Khazan: Do you have a memory that sticks out in your mind of a time that you did something really awkward?
Tashiro: Oh yeah. There's a whole catalog of awkward moments I could certainly think of. [Once,] I was about 11 years old at the time, and I was at a family reunion with my cousins. We were at this mountain resort in Colorado and there were these bumper boats at the lake. We kind of were checking it out and it looked like a lot of fun. There were maybe 30, 40 kids that would go out at a time and just do these bumper boats. My cousins said, “We should do it.”
Awkward people want to be a good sport and we want to be participative, so I was like, “Yeah, no, okay. I'll do this. How hard could it be?” I got on. As the guy who was running the ride was giving instructions about how to operate the boats, I got distracted by his baseball cap. He had this Los Angeles Dodgers baseball cap on. I had this strange interest in baseball statistics when I was a kid, so the hat triggered all of these memories about earned run averages and hitting percentages and stolen bases, all these random facts. I got lost in my mind in this minefield of statistics and so I didn't hear anything this guy had to say.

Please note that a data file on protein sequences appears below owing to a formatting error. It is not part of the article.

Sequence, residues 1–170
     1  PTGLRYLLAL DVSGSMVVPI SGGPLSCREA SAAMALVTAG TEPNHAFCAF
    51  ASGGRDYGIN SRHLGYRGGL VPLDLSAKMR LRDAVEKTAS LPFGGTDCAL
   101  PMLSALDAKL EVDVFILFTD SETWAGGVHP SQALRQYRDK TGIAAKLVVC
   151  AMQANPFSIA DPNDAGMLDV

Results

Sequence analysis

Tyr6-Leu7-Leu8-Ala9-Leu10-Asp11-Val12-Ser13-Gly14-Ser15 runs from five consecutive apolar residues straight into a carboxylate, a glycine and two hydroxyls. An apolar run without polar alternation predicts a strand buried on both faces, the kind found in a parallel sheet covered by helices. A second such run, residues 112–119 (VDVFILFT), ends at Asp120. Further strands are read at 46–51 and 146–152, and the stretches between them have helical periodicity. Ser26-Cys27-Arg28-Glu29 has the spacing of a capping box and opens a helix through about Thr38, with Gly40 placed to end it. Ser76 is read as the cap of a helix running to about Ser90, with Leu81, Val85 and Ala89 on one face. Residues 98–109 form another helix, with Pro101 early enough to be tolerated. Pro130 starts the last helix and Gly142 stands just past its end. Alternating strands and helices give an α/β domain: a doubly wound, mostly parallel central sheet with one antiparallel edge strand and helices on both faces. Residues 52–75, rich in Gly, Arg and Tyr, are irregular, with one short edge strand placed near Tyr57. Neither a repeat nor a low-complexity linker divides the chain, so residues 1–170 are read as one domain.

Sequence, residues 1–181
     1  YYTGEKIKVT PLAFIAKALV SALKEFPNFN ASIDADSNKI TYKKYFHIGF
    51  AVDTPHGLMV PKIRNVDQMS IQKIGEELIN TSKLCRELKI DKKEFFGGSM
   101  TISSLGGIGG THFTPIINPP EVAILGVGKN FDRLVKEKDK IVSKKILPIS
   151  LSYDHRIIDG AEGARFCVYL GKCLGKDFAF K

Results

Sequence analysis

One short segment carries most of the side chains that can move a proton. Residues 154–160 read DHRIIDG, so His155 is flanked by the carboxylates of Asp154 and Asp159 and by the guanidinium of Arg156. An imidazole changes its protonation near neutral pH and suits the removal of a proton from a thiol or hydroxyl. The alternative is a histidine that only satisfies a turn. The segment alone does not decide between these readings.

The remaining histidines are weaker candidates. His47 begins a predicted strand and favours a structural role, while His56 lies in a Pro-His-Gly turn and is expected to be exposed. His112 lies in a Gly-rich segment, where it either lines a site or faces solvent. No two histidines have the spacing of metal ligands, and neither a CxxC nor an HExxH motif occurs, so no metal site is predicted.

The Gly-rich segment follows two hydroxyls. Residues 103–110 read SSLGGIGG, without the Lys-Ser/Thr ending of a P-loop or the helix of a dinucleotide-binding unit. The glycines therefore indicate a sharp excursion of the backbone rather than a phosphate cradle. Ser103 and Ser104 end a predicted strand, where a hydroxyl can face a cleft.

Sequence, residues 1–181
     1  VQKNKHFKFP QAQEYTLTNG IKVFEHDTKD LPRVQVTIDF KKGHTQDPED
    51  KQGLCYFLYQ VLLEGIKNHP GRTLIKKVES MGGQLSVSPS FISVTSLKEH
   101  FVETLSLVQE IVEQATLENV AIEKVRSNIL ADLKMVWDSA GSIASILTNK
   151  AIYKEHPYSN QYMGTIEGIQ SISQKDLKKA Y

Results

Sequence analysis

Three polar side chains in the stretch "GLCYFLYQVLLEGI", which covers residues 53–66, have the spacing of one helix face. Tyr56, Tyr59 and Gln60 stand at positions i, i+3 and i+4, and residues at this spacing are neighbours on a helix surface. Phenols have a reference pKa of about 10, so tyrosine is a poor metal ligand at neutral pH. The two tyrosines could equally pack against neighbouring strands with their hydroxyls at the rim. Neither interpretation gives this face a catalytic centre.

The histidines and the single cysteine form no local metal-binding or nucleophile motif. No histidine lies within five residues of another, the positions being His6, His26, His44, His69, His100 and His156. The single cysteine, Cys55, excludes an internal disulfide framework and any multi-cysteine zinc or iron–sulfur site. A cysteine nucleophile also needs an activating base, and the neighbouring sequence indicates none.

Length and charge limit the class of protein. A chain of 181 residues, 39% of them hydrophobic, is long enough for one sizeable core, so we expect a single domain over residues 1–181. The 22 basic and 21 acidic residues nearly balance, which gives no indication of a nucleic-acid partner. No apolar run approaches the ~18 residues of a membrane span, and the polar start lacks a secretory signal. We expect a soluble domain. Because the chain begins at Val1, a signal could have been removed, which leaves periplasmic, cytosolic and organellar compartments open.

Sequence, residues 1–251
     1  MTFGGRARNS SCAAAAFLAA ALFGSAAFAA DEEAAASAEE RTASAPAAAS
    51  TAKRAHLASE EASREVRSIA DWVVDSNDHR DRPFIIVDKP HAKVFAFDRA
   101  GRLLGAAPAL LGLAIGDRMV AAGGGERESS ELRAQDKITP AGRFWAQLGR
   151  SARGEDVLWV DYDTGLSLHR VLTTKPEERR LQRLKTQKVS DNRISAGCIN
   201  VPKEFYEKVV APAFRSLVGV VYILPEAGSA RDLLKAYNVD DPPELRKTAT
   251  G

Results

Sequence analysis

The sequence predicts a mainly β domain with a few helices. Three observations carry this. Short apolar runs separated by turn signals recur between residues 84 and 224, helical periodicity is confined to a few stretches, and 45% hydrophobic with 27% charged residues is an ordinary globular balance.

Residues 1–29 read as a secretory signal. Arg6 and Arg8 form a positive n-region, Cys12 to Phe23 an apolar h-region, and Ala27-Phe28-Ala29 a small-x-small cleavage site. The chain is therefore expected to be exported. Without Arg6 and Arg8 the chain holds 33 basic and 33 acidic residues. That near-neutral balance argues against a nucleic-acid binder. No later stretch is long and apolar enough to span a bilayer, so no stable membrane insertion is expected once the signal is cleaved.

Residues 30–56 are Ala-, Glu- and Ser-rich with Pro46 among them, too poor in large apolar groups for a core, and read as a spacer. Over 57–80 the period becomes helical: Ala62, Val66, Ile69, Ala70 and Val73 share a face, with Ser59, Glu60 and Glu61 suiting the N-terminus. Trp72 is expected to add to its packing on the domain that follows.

I got out to the middle of the lake and ... the first time I got hit by somebody else, it really startled me. I went to go bump the guy back that bumped me, so I cranked my handle to the left. I started going in this circle, which became a concentric circle, and next thing I knew, I was flipping around in circles in the middle of the lake.
Nobody was making fun of me, but it was a panicking kind of situation. Your muscles are tensing, you're sweating, and your judgment gets clouded when you’re in a really awkward moment that you feel you can't get out of. I just spun around for like five minutes in the middle of the lake. My dad had to get into one of these kids’ bumper boats and tow me back to the shore.
I like the story just because it's a classic example of an awkward moment. It's just a really slight deviation from what's socially expected.
Khazan: Your mention of baseball statistics reminds me, what’s the difference between awkward people and people who have Asperger's, or just people who are socially anxious?
Tashiro: Autistic symptoms are normally distributed in the general population along the bell curve. As you get out towards the 80th percentile, 85th percentile, on that bell curve, that's where you start to think, “Wow. This person's a socially awkward person.” You can follow that all the way up to the 99th percentile, and at the 99th percentile is where the cutoff general tends to be for autism. The Broad Autism Phenotype is oftentimes what they'll call it in academic studies.
Khazan: It’s sort of like sub-subclinical autism, basically?
Tashiro: Exactly. It's just like someone who’s really high strung doesn't necessarily have an anxiety disorder, or someone who's pretty melancholy doesn’t have a major depressive disorder. Someone who’s awkward doesn't necessarily have Asperger's or autism.